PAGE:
General Sir David Baird (1757-1829) of Newbyth, Haddington was born in 1757, and joined the army in 1772 at the age of 15. He served in 73rd/71st Highlanders, during the end of the 18th century and purchased the rank of Lt. Colonel on a visit to London in 1789, during the period that these pistols were built. He returned to command his regiment in India the following year.
We know from his biography that Captain Dalrymple wrote to David Baird at Newbyth to order horses to go, posthaste, to Horse Guards to purchase his new rank. To obtain his commission he required an agent and money. Agents in 1790 were based in Charing Cross and Whitehall (Horse Guards) a short walk from 2 Haymarket the premises of Robert Wogdon the renowned maker of precision duelling pistols. Wogdon was so well regarded that a stanza was written about him by an Irish volunteer that read: 'Hail Wogdon patron of that leaden death'.
The silver mounts on these pistols are not hallmarked and the barrels bear no proof marks, which was a money-saving scheme adopted by Wogdon: if the pistols were bound for India he could save on the assay and proof fees by not submitting them. Knowing he was returning to India, it is very likely Baird decided to arm himself with a pair of double barrelled pistols by this renowned maker.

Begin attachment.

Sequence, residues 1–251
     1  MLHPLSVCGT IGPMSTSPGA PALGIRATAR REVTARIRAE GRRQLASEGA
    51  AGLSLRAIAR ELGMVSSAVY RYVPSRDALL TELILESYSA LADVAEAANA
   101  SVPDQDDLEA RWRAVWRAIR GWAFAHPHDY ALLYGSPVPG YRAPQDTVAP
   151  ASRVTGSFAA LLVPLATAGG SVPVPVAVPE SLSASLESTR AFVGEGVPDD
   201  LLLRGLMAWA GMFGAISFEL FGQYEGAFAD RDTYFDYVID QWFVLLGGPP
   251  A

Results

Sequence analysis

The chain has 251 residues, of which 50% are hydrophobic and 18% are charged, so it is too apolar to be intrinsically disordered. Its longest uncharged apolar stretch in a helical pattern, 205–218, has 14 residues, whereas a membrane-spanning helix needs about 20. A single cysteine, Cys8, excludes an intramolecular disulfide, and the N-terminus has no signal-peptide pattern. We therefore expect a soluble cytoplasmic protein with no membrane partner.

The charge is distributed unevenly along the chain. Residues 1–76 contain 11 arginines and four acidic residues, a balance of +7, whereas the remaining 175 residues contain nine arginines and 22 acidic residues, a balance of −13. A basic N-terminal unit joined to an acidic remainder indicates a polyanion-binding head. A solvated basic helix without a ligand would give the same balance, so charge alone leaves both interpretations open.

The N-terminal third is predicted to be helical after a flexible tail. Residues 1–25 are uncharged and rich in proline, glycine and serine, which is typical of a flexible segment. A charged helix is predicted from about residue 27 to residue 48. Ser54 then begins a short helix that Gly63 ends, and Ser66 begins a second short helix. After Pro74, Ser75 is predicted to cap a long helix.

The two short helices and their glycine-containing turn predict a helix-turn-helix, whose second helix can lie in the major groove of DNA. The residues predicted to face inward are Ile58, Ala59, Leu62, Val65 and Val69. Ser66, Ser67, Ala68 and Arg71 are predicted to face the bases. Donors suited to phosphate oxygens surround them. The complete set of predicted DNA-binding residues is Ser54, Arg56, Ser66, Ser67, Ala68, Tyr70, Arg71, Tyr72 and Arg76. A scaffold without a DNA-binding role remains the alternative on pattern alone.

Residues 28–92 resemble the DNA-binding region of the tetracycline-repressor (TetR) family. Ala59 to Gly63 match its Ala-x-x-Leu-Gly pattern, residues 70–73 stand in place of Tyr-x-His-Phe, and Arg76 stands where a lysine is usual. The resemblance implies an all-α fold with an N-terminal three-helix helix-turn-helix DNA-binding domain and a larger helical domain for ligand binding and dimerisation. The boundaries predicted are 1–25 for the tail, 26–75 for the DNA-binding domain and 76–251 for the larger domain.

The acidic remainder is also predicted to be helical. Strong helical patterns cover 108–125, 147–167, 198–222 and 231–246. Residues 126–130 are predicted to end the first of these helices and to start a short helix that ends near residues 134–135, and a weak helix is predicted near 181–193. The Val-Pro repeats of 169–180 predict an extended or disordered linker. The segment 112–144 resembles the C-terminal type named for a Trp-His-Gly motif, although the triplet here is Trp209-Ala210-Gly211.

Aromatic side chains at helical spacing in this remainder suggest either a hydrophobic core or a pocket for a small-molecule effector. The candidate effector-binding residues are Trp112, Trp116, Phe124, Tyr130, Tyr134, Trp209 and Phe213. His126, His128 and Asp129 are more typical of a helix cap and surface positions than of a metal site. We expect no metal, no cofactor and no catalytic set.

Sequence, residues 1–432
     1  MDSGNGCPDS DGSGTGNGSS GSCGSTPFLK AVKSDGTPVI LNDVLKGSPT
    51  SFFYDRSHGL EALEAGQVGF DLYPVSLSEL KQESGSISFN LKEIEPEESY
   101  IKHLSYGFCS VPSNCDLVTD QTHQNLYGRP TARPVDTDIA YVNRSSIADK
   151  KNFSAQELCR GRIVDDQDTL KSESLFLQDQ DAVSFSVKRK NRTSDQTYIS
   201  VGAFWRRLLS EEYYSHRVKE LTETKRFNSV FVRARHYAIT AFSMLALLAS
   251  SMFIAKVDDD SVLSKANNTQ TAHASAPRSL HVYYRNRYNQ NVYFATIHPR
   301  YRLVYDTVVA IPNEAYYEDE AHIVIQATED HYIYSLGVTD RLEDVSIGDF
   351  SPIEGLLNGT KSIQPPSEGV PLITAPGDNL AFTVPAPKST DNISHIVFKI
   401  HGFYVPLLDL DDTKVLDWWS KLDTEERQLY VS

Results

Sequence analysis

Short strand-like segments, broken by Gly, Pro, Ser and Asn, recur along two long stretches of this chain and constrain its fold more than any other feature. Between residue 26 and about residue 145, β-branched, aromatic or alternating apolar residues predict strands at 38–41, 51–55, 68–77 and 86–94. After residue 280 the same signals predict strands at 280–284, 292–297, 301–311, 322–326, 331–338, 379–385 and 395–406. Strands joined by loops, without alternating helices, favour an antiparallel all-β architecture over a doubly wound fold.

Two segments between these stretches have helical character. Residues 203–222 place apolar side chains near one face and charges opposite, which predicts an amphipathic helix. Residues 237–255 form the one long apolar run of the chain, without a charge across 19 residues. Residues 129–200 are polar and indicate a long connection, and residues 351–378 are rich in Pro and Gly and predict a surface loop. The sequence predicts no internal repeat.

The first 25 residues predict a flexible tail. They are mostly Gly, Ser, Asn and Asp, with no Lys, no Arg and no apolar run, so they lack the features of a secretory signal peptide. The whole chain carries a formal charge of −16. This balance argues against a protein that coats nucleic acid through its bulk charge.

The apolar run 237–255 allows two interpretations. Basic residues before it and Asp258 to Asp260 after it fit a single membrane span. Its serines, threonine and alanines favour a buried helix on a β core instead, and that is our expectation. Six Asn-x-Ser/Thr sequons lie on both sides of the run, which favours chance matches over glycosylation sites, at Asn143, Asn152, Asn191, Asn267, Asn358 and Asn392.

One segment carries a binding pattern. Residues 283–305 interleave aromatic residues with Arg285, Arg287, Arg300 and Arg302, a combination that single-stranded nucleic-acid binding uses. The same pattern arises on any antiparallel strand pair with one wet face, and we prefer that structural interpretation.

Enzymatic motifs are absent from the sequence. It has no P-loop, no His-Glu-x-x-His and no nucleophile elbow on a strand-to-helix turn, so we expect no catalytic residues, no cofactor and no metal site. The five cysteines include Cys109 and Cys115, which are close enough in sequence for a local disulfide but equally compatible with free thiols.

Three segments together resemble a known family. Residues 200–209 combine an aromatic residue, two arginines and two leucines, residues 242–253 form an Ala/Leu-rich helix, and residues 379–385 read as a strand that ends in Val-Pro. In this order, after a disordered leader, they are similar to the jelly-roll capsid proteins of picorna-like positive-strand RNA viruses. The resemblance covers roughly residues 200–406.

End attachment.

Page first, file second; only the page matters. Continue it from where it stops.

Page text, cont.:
By 1799 he had become a renowned Scottish soldier with the rank of Major General and led the attack on Tipu Sultan at Seringapatam. A full length portrait of David Baird by Sir David Wilkie hangs in the Scottish National Portrait Gallery in Edinburgh.
Hook, T. E., The Life of General, The Right Honourable Sir David Baird, Bart G.C.B. K.C. &c. &c. (R. Bentley, 1832, London);
The National Gallery of Scotland, The Tiger and the Thistle: Tipu Sultan and the Scots in India 1760-1800 Exhibition Catalogue, 29 July-3 October 1999.
*Estimate does not include buyer's premium or other fees.